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posted: 5/18/2013 5:00 AM

A way to make Internet tax fair

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Sen. Dick Durbin thinks it unfair that Internet retailers don't have to charge the same high rate of sales tax that the brick and mortar retailers are required to charge. In my area of suburban Chicago, that number is 9 percent when the state, county and local sales taxes are added up.

Why don't we really make the marketplace fair by having all retailers, both Internet and brick and mortar ones, charge the exact same rate based on where they are located. This is how it's currently done for brick and mortar retailers, so "fairness" should mean we are imposing the same tax burden on the Internet retailer. One rate, based on the physical location of the business, not the home state of the shopper.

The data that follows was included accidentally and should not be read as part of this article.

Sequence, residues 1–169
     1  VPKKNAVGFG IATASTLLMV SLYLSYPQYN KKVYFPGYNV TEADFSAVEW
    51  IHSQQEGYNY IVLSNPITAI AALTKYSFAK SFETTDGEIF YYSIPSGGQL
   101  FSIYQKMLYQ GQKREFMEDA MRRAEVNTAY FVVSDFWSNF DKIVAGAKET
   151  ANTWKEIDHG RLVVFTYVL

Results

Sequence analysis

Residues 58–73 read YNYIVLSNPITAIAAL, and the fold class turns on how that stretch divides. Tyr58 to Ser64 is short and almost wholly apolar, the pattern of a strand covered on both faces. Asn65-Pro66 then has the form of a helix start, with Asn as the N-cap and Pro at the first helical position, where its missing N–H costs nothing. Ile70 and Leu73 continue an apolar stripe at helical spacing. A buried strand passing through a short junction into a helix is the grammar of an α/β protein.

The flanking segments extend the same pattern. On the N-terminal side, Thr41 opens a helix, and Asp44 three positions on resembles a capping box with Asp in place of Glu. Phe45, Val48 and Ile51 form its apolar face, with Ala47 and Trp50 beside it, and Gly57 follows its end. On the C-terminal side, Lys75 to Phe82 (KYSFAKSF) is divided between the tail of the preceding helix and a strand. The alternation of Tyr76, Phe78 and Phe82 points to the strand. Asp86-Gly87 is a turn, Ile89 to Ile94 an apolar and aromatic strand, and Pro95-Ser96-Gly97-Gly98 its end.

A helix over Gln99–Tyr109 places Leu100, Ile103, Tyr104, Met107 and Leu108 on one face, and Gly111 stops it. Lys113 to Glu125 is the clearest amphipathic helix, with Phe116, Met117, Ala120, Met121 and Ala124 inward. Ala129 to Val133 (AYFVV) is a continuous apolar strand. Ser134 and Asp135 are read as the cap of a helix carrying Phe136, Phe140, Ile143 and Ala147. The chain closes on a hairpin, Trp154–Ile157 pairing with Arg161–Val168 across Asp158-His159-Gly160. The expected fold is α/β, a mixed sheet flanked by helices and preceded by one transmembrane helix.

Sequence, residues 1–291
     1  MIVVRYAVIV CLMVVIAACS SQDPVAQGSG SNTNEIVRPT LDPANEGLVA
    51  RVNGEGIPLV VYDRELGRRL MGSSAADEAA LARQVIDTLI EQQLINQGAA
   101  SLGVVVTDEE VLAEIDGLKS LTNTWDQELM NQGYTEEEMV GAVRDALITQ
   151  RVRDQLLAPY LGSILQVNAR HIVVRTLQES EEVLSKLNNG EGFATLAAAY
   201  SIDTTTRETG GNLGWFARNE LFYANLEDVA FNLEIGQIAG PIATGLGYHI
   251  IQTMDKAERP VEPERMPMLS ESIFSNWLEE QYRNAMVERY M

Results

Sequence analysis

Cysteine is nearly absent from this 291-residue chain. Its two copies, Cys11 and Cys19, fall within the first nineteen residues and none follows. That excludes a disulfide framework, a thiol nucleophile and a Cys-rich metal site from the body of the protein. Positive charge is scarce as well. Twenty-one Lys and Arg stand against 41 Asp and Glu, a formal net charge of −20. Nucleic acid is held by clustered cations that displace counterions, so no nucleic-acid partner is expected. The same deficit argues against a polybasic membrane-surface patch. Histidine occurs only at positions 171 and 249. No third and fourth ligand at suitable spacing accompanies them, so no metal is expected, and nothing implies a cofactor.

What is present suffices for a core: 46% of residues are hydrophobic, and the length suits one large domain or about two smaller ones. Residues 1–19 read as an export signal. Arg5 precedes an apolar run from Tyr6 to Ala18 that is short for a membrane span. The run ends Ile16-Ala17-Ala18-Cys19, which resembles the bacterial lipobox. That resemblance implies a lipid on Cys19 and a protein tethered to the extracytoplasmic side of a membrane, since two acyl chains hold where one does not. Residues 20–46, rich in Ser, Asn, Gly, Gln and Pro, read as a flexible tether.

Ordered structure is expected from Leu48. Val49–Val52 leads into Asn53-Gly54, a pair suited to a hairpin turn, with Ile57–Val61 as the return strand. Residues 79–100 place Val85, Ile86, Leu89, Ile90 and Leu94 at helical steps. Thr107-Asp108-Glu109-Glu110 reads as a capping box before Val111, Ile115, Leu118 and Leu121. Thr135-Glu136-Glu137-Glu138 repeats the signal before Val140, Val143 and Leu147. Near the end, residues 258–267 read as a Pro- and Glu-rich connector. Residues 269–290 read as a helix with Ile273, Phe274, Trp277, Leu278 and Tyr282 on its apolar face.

If I locate my Internet business in Wisconsin which has a 5 percent sales tax, I collect 5 percent and give it to the state of Wisconsin. I don't collect 9 percent and send it to Illinois or even just the 6.25 percent state of Illinois sales tax. I also don't collect taxes for 50 other states and even more U.S. territories.

When I travel in Wisconsin no retailer every asks me where I'm from before calculating sales tax on my purchase. Why should an online retailer have to do so? To quote Dick Durbin, "That's not fair!" If the state wants to collect taxes on out-of-state purchases by their residents, put the burden on the state not the out-of-state retailer. My guess is that if this "fairness" principle were embraced, all interest in taxing Internet sales would disappear overnight.

Richard Gylling


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